Black and gray tattoos consist of pure black tattoo ink which is diluted with water in varying amounts to produce as broad a value scale as possible. This value scale ranges from blank, un-tattooed skin (being the lightest value, or shade) to solid black tattooed skin (being the darkest value, or shade). This type of tattooing compares very closely to graphite pencil shading on paper.
Color tattoos consist of pure black tattoo ink, white tattoo ink, and various colored pigments to form a full-spectrum color wheel of (in theory) every single possible color. Colored tattoo inks can be blended together in an infinite amount of ways to produce a theoretically infinite amount of unique hues, shades, and tints. This type of tattooing compares most closely to acrylic or oil painting.
Some black and grey tattoos may contain color as well, and some color tattoos may contain sections of black and grey--their classification will depend on which of the two types comprises the clear majority of the tattoo. If the ratio is nearly even, then they will probably be classified by their subject matter or artistic genre.
'Entry Level' and 'Common' Tattoos
These types of tattoos are generally small and/or simple in nature, requiring little time to apply, and may also be taken directly from 'flash' (pre-drawn templates meant for mass replication). Unfortunately, these tattoos often require little forethought from the client or talent and skill from the tattoo artist. People usually get this type of tattoo to test the waters, and some do it merely to 'fit in' with their friends or a particular image. In any event, 'common' tattoos do have their positive qualities, but if you are getting a tattoo that you want to be unique, then you should realize that these designs generally are not very unique. The most common tattoos are things like names, hearts, small simple flowers, Chinese/Japanese letters, tribal armbands, lower back tribals, anything combined with tribal, etc. These tattoos are fine if you have researched and thought about it (as described in the previous section of this article), and know for sure that you are getting what you really want for the right reasons, but just keep in mind that they are common and often reconsidered (or downright regretted) later.
Any tattoos that have been drawn and created for you only, by the tattoo artist doing them, can be considered 'custom' tattoos. Some 'entry level' and 'common' tattoos may fit into this category, but generally speaking, most do not.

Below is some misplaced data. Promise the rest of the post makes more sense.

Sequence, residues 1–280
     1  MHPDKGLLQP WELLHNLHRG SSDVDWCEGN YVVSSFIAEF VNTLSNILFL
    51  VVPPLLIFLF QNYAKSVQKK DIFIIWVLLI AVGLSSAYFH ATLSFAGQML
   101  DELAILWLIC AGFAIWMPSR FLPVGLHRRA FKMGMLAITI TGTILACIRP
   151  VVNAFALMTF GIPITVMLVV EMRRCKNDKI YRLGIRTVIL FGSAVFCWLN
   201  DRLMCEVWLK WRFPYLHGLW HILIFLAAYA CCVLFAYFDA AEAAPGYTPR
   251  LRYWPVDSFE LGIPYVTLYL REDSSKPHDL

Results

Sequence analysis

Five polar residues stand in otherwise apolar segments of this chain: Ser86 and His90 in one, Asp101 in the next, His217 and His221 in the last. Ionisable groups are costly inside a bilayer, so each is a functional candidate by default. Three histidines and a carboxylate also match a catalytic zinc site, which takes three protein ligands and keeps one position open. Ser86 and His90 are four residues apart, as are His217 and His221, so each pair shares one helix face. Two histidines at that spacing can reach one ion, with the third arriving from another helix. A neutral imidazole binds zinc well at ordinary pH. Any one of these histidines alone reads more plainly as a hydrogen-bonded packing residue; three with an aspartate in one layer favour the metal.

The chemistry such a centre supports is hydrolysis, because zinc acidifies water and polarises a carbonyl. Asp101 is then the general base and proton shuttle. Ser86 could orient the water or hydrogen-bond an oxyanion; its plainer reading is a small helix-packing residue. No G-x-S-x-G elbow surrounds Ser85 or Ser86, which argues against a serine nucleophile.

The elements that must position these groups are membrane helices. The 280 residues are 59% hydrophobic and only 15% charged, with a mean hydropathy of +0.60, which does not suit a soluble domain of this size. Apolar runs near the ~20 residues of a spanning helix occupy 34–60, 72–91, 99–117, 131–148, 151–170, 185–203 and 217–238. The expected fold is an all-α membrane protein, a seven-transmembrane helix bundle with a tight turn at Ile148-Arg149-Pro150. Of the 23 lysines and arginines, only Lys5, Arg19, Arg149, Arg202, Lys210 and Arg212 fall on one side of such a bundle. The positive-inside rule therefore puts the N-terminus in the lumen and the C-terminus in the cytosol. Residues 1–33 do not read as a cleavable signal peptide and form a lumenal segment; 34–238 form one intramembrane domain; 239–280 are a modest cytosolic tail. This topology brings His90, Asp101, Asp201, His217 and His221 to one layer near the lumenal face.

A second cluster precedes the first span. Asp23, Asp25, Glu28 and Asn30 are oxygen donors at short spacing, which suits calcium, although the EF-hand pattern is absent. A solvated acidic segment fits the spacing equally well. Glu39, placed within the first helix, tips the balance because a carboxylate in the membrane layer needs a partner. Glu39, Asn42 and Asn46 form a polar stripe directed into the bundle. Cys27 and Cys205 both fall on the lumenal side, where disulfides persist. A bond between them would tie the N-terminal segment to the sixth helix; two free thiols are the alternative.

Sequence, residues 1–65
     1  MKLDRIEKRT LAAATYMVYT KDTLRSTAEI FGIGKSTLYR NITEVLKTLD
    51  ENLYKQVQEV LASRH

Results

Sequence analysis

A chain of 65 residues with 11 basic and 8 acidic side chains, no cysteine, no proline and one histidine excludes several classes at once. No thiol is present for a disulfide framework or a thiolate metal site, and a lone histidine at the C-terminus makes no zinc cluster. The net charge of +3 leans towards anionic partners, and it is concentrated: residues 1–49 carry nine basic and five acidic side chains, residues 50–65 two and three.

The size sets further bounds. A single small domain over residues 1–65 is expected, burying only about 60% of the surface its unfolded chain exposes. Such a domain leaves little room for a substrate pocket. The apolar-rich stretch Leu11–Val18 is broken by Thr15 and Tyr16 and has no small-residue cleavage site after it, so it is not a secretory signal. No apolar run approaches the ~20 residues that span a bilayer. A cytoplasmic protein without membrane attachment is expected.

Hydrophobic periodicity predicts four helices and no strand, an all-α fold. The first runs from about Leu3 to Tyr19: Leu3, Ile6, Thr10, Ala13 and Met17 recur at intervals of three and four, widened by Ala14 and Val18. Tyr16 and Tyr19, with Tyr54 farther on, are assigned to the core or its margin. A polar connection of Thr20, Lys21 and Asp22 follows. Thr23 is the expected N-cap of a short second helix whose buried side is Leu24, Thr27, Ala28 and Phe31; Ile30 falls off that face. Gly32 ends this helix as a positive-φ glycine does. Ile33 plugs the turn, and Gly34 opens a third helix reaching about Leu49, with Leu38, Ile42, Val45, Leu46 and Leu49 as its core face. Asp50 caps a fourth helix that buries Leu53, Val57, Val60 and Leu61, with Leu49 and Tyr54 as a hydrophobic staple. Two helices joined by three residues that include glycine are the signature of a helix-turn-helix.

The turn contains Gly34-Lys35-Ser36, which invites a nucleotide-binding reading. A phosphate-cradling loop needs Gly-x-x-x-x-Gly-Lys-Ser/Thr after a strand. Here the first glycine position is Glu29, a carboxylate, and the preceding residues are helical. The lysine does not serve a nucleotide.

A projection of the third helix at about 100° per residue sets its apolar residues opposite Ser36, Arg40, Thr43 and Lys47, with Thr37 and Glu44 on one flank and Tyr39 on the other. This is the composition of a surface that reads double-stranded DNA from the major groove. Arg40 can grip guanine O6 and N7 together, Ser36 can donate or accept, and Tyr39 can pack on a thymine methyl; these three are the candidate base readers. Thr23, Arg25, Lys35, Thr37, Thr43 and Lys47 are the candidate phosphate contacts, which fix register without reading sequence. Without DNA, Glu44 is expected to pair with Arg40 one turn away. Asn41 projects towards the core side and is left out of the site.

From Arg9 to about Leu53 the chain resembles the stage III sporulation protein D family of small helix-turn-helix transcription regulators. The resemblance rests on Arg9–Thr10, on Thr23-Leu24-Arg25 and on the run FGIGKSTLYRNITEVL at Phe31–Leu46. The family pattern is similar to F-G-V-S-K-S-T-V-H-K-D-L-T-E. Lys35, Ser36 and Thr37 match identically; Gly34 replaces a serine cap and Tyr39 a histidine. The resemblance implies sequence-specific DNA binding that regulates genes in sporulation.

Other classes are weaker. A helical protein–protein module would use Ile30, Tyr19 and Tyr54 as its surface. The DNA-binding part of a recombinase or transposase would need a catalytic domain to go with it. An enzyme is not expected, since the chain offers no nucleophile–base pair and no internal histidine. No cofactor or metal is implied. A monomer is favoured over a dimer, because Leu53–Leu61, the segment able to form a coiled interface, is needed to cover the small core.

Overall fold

Most first timers donít realize that the best person, by far, to draw the tattoo design they have in their head is going to be the tattoo artist that will be doing the tattoo. Finding an artist to draw a design, and then another to do the tattoo is not the best way to approach custom tattoo designs. You will be doing yourself and the tattoo artists a big favor by having the artist doing the tattoo also draw the design. Tattoo artists have drastically different abilities and styles, and when an artist is drawing up a design they do it to their own abilities in their own style. In addition, an artist needs to feel engaged and connected to the art they are executing in order to feel most inspired, and thus do the best job possible. With few exceptions, quality tattoo artists are way too busy drawing for paying clients to draw a design that someone else will tattoo. Custom tattoos donít have to be huge, intricate, and super expensive; they only require a talented custom tattoo artist and the right attitude from the client.
Cover-up and Rework Tattoos
The covering up and reworking of older tattoos is a large aspect of the tattooing art-form, encompassing nearly all styles and genres of the craft. A full examination of this type of tattooing deserves its own lengthy article so we will only touch upon the basics here, but we felt it deserved a brief introduction as a type of tattoo in and of itself due to its frequent occurrence.